The Jugoslavs form a national unit and areethnologically part of the Slavonic race. Jugoslav literature begins withtranslations of the Bible by Cyril and Methodius, the “Slavonic Apostles,”about the middle of the Ninth Century. During the first period of the nation`sliterary history, from the Twelfth to the Fifteenth Century, severalbiographies and chronicles were produced.
Toward the end of the Fourteenth Centuryand until the beginning of the Nineteenth Century the Jugoslavs fell under thedomination of the Turks, who practically arrested national life. There were,however, those who, despite this catastrophe, tried to carry on the traditionsof their literature.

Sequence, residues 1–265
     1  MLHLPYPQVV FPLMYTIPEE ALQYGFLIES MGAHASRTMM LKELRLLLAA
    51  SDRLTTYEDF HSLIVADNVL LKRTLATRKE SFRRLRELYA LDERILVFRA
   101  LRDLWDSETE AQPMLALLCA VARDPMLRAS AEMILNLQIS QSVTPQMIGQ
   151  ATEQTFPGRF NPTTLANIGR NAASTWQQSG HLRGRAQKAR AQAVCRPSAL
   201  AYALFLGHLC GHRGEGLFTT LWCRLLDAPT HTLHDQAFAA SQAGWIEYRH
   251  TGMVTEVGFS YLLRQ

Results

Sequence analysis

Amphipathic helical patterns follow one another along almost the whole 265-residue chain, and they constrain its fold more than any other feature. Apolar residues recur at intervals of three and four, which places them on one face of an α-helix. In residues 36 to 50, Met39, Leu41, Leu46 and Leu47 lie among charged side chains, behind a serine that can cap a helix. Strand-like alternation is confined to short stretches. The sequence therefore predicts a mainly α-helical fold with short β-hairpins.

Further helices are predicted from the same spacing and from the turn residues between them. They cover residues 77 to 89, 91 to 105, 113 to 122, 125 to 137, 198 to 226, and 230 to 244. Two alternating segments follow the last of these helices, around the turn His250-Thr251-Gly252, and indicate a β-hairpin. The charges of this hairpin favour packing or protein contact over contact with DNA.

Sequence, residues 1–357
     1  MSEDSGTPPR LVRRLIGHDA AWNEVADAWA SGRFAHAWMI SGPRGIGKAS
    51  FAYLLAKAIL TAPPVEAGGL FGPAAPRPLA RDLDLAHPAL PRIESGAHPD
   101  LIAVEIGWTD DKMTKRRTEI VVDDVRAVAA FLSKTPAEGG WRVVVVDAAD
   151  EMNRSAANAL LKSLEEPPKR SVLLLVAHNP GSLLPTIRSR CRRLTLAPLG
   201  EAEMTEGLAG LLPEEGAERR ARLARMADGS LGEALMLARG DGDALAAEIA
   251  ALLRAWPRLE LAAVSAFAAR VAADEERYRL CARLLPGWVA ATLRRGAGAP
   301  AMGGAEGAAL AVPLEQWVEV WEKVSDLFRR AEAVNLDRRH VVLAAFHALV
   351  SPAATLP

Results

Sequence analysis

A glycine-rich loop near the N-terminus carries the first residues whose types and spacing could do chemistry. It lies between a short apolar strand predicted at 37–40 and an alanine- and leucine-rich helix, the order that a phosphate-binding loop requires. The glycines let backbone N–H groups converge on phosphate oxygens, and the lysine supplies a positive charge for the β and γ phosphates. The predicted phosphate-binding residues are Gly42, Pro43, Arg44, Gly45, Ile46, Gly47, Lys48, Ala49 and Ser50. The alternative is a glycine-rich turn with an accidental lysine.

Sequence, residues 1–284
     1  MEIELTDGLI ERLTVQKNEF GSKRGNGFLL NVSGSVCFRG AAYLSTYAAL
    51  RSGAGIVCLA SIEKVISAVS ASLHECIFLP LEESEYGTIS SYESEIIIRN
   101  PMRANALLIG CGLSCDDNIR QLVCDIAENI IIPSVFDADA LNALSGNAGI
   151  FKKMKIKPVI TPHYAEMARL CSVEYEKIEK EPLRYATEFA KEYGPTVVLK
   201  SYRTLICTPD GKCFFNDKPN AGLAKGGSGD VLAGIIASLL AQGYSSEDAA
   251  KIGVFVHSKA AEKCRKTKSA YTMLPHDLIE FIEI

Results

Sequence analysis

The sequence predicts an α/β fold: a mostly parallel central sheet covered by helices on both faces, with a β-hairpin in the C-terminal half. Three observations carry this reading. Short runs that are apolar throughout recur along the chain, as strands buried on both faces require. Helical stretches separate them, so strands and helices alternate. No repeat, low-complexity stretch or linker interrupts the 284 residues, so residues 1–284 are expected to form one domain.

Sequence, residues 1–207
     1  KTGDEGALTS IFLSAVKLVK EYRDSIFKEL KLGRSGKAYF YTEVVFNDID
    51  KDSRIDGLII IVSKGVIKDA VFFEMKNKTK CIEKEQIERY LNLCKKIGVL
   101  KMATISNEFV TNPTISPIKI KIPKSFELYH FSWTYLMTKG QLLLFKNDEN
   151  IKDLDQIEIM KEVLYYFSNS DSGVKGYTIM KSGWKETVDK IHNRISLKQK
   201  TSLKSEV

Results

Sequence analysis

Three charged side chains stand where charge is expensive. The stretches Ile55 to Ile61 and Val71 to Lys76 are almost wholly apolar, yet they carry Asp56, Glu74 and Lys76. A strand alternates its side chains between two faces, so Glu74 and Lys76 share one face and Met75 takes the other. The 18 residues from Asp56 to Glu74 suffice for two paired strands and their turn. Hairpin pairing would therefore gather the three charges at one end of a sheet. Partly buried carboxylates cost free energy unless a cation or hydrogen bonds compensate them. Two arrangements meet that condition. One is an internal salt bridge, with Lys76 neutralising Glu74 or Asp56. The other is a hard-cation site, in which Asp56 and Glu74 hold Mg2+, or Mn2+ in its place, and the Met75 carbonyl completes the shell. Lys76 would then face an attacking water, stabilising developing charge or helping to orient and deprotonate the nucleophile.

The deliverance from Turkish rule broughtwith it a gradual revival. At first, however, little was written in theJugoslav languages (Serbian, Croatian, and Slovenian), because the printingpresses throughout the country had been destroyed by the Turks. The booksimported from Russia were pr